SimonKJones Presents: TFW Your Second Book is Less Successful than Your First

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2016 was an exciting year. My first weekly serial, A Day of Faces, had been trundling along quietly for a year when it was selected to be featured by the powers that be, back when that was a thing. A couple of months later the completed story won a Watty Award for being a 'Trailblazer'. Readers started flooding in and it went from a few thousand reads to its current position of 140,000 reads. This all happened in the space of about six months.

I've made it, I thought. I'm a writer now. The big breakthrough actually happened. Time for book number two!

The sophomore book was to be more ambitious: a different genre, much longer, structurally and thematically more complex. Some of my 1.3K followers and 140k reads on the first book would translate into a head start for book two, right?

It got off to a good start, with an enthusiastic core readership emerging swiftly, but I'm now 62 chapters into The Mechanical Crown and it's only just broken 3,000 reads. That's a fraction of where the then-unknown A Day of Faces was at the same stage in its development.

So, what the hell?

Turns out that success with one book doesn't mean automatic, immediate success with another. I'm sure more experienced writers - Wattpadders, in self-publishers or traditionals alike - are rolling their eyes at my late revelation.

When this kind of thing happens it can be demoralising and unnerving. I'd assumed that success would be a continuing upward curve, but it's turned out to be rather more undulating than anticipated. That reality raises awkward questions.

Was The Mechanical Crown simply not as good as my first?

Was there any point continuing?

Had I been deluding myself the whole time?

What if A Day of Faces was a one-off?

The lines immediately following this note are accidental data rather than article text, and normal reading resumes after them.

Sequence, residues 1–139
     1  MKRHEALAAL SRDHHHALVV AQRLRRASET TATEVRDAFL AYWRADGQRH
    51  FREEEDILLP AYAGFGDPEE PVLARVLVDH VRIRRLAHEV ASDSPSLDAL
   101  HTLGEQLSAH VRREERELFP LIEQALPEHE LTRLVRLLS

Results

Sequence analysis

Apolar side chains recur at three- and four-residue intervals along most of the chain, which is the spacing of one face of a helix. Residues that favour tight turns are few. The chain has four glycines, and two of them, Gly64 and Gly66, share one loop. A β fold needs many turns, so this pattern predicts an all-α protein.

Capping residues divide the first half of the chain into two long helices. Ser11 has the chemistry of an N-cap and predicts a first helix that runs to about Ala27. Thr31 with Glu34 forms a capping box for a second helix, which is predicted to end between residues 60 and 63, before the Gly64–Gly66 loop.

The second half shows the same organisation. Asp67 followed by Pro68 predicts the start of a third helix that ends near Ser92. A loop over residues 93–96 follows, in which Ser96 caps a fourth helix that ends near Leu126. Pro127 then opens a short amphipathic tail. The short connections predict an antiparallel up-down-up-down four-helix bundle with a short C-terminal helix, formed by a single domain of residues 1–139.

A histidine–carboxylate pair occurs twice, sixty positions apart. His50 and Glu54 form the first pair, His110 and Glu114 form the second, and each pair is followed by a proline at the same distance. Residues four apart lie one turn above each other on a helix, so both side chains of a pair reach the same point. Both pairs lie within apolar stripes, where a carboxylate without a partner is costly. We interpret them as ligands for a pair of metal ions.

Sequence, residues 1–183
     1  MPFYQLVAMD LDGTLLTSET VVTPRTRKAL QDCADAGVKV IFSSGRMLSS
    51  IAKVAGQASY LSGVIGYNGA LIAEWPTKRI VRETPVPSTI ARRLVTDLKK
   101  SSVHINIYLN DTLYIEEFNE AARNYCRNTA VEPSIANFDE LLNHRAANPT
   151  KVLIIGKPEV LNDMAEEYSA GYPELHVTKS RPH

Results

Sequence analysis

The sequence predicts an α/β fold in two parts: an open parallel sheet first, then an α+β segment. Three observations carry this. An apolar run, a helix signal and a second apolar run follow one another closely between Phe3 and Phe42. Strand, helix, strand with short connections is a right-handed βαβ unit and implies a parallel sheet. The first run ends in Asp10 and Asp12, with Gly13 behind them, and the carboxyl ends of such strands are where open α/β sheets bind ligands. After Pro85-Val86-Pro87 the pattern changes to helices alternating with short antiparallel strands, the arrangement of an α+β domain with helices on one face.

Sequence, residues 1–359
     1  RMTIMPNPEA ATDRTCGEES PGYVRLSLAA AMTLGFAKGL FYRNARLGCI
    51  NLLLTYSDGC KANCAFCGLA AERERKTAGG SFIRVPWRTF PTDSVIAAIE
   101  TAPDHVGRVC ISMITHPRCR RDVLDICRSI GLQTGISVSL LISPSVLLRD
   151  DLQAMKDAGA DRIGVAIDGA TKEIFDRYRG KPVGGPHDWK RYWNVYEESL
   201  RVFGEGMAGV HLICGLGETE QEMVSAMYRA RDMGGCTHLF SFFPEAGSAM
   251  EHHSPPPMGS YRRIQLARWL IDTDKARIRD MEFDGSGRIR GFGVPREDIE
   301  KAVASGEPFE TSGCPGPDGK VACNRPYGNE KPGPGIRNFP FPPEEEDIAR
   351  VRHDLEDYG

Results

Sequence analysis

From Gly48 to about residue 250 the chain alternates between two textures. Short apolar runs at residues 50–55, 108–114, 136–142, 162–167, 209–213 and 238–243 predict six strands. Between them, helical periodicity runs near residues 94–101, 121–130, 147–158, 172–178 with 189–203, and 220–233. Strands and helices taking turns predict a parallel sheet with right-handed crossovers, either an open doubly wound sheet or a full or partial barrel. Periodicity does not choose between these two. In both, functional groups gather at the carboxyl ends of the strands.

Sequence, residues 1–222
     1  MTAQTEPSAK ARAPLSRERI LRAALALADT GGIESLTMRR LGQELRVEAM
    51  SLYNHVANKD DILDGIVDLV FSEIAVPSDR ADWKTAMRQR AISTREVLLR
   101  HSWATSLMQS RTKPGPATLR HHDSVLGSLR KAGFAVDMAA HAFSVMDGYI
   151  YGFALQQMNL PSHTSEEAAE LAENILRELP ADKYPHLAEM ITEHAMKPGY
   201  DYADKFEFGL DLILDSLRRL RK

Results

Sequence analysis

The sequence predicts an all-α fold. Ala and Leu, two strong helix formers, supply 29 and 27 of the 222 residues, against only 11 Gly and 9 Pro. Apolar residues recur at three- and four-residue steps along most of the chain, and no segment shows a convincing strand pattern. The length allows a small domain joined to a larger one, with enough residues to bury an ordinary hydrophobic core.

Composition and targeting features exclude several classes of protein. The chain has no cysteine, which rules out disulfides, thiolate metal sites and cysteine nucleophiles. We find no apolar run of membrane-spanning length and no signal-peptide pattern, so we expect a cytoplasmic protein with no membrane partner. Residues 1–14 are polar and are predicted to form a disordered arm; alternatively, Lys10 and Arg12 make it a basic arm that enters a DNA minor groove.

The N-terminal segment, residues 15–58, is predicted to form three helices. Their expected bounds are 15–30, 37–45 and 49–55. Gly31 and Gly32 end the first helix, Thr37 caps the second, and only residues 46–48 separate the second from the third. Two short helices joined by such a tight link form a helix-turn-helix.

After much reflection, I've realised that the only question that really matters is this one:

Why am I doing this?

'Success', however you define it, is a worthy and motivating goal. But it's an ephemeral, shifting, cunning thing which can become a distraction, especially once you've experienced it even for a moment. It can turn into a phantom that you're constantly chasing, pulling you away from your real goals and siphoning away your energy and passion.

I didn't start writing A Day of Faces because I wanted to get 140k reads. All I wanted to do was complete a novel, rather than faltering a third of the way in - Wattpad for me has always been a productivity tool, giving me the impetus to keep writing and publishing every week. At the start, a single reader was enough to keep me honest and keep the writing flowing. Somewhere along the line, I'd forgotten that and had started focusing on the numbers instead of the words.

The success of A Day of Faces was a wonderful byproduct of the process, but it was never the point. Completing the work and having it out there in the world was always the primary motivator.

At 62 chapters I'm only halfway through The Mechanical Crown. Every week the story and its characters surprise me. People are reading it, even if it's on a smaller scale. I'm grateful for every single one of them.

If you find yourself in a similar perilous moment of self-doubt, remember to get back to your roots. WHY do you write? Judge success by your creative achievements, rather than measuring yourself against the approval of other people.

Make your driving force be the simple, essential flow of words across a page and you'll be unstoppable.

If you're a writer you can find lots more productivity tips and writing advice over on my website at

To grab the complete collection of A Day of Faces in ebook form, be sure to enter the giveaway! Meanwhile, there's a new chapter of The Mechanical Crown every Tuesday. See you there!

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SimonKJones will giveaway the ebook of the collected A Day of Faces story, complete with a ton of behind-the-scenes info, to three lucky winners. My giveaway is open internationally.

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